Many years ago, my one year old daughter and I attended a Mommy and Me class. At the end of each class, there was an art project to be done by the mother and the child. One day, Teacher Kathy told us to use paints and markers to create little handmade plates. The plates were supposed to be keepsakes. The teacher showed us a few examples of well designed plates from past classes, but they looked way too perfect, so of course I asked, “Are the moms painting the plates? Or are the kids doing their own art work?”
The teacher laughed out loud. She shrugged her shoulders and said, “It’s YOUR child. It’s YOUR choice.”
That was brilliant advice that has shaped the way I parent my children to this very day.
In my mommy and me class, there were crafty moms who created artistically perfect keepsakes with their child’s name and handprint. There were frantic moms who ran after their toddlers while begging them to place a painted hand on the middle of the plate. There were uninterested moms who chatted with other moms while the plate remained a blank slate.
And then, there was me. My child. My choice. So I said to my daughter, “paint the plate anyway you like.”
12 years have passed and we still have that plate. It’s a hodgepodge of colorful markings and paint splatters and fingerprints and to be quite honest, it’s a mess, but it’s HER mess. It is an adequate representation of her one year old self.
My child. My choice.
My children are not perfect. They never have been. They never will be. From the beginning, I have forced them to be okay with imperfection. I refuse to do my child’s homework. So no, my children are not coming to school with Pinterest worthy projects. Their school projects look messy and imperfect. You know, like they were completed by a child. And yes, they get upset when they see the super intricate perfectly crafted artwork done to perfection. In those instances, I do my best to explain that they will be graded for their effort and for their hard work. The teachers have never marked my children down for handing in an age appropriate project. Teachers know what a 7 year old is capable of.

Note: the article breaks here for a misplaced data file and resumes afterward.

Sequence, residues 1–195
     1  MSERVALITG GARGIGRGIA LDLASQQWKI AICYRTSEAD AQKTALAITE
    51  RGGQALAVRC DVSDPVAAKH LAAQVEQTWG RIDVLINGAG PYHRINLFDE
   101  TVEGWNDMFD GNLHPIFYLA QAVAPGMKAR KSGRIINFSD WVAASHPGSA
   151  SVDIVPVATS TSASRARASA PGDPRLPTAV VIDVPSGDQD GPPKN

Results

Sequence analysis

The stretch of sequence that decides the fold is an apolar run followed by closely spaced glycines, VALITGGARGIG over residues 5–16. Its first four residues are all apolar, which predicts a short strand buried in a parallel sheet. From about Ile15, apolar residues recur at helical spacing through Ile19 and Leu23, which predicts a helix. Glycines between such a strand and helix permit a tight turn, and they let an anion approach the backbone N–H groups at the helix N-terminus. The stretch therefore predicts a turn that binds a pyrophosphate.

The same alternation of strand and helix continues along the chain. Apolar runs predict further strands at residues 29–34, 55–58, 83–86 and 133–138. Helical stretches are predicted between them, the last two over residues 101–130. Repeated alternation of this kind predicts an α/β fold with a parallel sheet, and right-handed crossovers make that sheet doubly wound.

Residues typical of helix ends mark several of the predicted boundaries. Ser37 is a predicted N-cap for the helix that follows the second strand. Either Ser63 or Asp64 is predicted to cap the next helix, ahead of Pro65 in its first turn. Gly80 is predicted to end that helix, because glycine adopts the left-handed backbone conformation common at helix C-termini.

My child. My choice.
There is pride in ownership and I have seen my imperfect children work hard to make themselves proud. No two children are the same. One of my children will outline her schedule and make a calendar for the completion of her project. I have another child who will wait until 24 hours before the deadline and bang it out like a crazed lunatic. The truth is: there is NO right way.
There is no right way to parent. There is no right way to complete a project. There is just this amazing little nugget of wisdom that Teacher Kathy shared with me over a decade ago.
“It’s YOUR child. It’s YOUR choice.”
Claudine Cooper is a Los Angeles based fitness trainer with over 20 years of professional experience. Originally from Minneapolis, this busy wife and mother is committed to sharing her passion for healthy living. You can follow her on Instagram @fitwit3.
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